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U.S. Border Policy: How To Fix What's Broken

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How are we doing on sealing our long, long border with Mexico, all 1,952 miles of it?

The Secure Fence Act of 2006 calls for 670 miles of new fencing, running along one-third of the border. As of last fall, 370 miles had been installed -- at a cost of some $5 million per mile.

How much success has our country enjoyed as a result?

We do know that there have been more than 5,000 documented deaths at the border since 1995 -- 21 times more fatalities than in the history of the Berlin Wall -- making it the deadliest land border in the world today.

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U.S. Immigration policies fail strategically, economically, and morally.

A classmate of mine calls this strategy of immigrant control wrong-headed and ineffective. Dr. Wayne Cornelius is the director of the Center for Comparative Immigration Studies at the University of California at San Diego. Wayne's findings call for a searching look at what the U.S. accomplishes with our border enforcement build-up, ongoing since 1993.

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U.S.-Mexico border is the deadliest land border in the world today.

For starters, is it keeping would-be unauthorized migrants out of the country? The answer is clearly no. The probability of being caught on any given trip to the border is rising, but nearly all succeed in entering on the second or third try.

I have personally known Mexicans here in New York who have made this journey - and their tales are all horrific. In 2000 an estimated 275,000-300,000 Mexicans -- mainly from the state of Puebla -- were living in our five boroughs. No one knows how many of them are documented.

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Urbanized border areas are double- or triple-fenced.

Photo: Maria Teresa Fernandez

Are border controls discouraging Mexican migrants without documents from going to the border and trying their luck? The numbers depend not on the fences, but on the current U.S. economic crisis.

Would-be migrants are pragmatically asking themselves, "Does it make sense to pay a coyote (people-smuggler) thousands of dollars and risk my life in the desert or the mountains if I may not have a job once I get to the U.S.? Maybe it's better to wait until the U.S. economy improves."

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What is driving decisions to postpone migration today is not fences, not border enforcement, nor Immigration raids in the U.S. It is the lack of jobs in the States.

This means that as soon as a sustained U.S. economic recovery returns, the flow of unauthorized migrants will quickly rebound, as it has after every recession in recent decades.

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Razor-sharp concertina wire has been added

between San Diego and Tijuana.

An eye opener: Wayne and his research team also found that U.S. Immigration enforcement away from the border area does not scare undocumented workers to return to Mexico. There is not yet enough enforcement activity to induce most employers who use this kind of labor to stop hiring.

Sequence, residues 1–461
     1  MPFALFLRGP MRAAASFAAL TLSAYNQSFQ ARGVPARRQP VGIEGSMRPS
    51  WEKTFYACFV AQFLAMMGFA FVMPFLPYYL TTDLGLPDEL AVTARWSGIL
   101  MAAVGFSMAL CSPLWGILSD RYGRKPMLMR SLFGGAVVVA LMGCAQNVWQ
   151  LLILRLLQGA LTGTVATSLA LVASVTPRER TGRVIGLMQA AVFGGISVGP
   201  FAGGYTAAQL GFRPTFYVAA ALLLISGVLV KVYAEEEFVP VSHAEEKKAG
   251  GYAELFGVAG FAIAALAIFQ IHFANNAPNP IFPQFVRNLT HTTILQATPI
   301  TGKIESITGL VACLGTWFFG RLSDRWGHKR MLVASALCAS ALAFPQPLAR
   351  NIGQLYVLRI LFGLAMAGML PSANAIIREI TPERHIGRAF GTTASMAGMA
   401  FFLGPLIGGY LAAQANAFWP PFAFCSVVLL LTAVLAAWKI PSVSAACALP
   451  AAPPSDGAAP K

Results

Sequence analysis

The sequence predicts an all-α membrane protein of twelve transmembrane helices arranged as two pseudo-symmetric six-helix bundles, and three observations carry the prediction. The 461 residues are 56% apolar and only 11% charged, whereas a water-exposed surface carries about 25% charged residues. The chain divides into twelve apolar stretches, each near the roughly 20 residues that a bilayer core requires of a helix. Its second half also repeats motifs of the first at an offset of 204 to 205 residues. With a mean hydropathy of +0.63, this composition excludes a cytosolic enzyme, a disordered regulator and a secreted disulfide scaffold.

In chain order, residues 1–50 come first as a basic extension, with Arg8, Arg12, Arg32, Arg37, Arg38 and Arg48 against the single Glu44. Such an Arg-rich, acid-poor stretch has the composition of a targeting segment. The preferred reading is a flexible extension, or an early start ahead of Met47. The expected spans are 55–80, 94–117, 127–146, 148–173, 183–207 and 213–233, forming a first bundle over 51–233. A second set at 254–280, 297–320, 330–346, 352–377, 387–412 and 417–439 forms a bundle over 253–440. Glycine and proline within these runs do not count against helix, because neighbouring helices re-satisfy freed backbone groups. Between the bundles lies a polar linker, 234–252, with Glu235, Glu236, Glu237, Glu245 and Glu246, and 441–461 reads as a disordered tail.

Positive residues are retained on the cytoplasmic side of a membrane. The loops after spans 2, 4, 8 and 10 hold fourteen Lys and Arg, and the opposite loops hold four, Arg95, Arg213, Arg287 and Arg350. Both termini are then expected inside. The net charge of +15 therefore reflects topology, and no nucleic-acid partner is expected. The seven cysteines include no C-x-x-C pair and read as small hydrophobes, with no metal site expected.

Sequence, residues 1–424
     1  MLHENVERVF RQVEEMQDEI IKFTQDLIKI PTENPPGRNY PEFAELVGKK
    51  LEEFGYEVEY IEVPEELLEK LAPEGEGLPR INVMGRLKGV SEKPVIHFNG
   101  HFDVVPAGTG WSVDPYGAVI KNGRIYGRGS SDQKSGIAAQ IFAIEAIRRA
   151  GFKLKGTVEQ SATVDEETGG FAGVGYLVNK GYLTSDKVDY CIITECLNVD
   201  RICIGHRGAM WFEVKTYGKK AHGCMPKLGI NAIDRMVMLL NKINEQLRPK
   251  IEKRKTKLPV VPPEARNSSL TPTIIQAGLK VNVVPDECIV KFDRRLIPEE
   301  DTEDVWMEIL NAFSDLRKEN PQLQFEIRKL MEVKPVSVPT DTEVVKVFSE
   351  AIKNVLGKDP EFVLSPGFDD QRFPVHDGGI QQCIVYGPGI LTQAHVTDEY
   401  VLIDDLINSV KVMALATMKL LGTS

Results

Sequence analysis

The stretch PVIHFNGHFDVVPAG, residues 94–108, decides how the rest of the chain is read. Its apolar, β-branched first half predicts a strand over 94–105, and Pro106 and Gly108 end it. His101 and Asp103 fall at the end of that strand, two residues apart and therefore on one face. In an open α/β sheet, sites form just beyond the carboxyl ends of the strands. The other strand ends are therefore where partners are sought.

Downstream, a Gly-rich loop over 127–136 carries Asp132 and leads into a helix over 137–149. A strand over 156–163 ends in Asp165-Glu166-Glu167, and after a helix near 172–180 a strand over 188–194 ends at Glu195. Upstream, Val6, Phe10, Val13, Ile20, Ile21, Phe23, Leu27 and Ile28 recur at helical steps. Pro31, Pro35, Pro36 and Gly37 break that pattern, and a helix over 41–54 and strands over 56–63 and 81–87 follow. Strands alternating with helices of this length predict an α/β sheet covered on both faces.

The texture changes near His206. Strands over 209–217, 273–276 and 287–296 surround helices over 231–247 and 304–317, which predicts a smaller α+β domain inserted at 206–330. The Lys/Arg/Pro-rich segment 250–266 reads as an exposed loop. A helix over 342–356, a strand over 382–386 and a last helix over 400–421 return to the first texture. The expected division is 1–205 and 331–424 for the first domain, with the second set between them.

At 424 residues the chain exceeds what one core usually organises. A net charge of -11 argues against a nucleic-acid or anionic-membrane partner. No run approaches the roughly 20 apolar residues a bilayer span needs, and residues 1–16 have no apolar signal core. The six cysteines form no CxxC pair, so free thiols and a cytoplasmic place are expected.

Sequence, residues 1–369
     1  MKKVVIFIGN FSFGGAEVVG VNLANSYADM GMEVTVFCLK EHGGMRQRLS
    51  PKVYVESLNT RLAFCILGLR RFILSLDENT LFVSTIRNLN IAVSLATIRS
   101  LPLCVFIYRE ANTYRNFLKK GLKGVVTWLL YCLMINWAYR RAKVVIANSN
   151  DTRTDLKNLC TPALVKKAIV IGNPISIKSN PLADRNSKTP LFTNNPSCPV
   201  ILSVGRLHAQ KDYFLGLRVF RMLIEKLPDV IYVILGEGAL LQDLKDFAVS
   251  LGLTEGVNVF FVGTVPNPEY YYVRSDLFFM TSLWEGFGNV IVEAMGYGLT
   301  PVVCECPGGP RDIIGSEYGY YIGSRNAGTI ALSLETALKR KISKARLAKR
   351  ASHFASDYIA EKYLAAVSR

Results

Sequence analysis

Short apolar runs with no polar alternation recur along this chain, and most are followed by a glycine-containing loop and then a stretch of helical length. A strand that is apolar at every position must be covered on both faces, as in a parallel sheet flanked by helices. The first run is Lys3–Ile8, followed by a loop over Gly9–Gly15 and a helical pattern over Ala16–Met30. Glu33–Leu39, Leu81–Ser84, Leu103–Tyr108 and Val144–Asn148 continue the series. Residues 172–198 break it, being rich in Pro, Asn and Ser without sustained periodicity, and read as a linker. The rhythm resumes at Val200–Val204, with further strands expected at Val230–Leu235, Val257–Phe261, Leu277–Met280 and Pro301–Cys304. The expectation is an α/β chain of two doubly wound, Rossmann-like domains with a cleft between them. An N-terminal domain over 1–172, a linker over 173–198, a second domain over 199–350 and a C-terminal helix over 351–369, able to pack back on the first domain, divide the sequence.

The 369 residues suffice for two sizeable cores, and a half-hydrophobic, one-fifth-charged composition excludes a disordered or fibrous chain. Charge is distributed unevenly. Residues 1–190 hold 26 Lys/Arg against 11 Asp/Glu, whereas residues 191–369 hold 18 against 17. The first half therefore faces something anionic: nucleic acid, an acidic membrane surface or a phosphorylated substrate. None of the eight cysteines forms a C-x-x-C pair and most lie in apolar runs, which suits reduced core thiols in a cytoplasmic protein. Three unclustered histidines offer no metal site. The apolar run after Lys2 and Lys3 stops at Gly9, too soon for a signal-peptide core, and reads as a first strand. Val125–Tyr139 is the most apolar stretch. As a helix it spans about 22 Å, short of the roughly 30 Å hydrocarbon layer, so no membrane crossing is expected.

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Latest section of fencing on the San Diego-Tijuana border.

Photo: Maria Teresa Fernandez.

More than three out of five undocumented migrants interviewed by Wayne and his team in early 2009 reported that their U.S. employer probably actually knew, or knew for sure, that they were unauthorized to work in the U.S. But they were still hired.

Wayne's research shows that experiencing a workplace raid -- or having a relative or friend who had been caught by Immigration -- does not discourage most Mexicans from migrating again. There is no deterrence caused by Immigration raids.

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Immigrant detention center in south Texas, operated by

Corrections Corporation of America (CCA).

Wayne's interviews with more than 4,000 Mexican migrants and potential migrants to the U.S. since 2005 suggest that a reallocation of immigration enforcement resources would be far more effective.

Wayne concludes that funding could be better used to investigate and sanction U.S. employers who habitually hire undocumented migrants. This would not only be cheaper, but more humane.

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Berlin Wall: 239 deaths in crossing attempts, over 28 years.

There is plenty of money for fencing solutions. At least $6.7 billion has been earmarked for SBInet -- the "virtual" fencing of the U.S.-Mexico border -- a project led by the Boeing Corporation.

The plan: 1,800 high-tech towers equipped with advanced radar systems, video surveillance cameras, and ground sensors to detect movement and sound. Homeland Security officials promise to install the virtual fence along nearly the entire border within five years.

I have thought for years that assisting Mexicans to cross into our country would be the moral equivalent of working in the Underground Railroad 150 years ago, helping blacks move up into the North where they could survive.

Creating alternatives to migration in Mexico would clearly have the strongest and most durable impact on unauthorized flows. How could the U.S. help Mexico's own economy improve so that there would be jobs to hold people there?

Because of his groundbreaking work on U.S. Immigration policy, Wayne will be awarded the Distinguished Alumni Award from The College of Wooster in June.

I wish Obama's immigration team would attend so that Washington could grasp how misguided and ineffective U.S. Immigration policy is. Here are some solutions.

Edited by Ethel Grodzins Romm.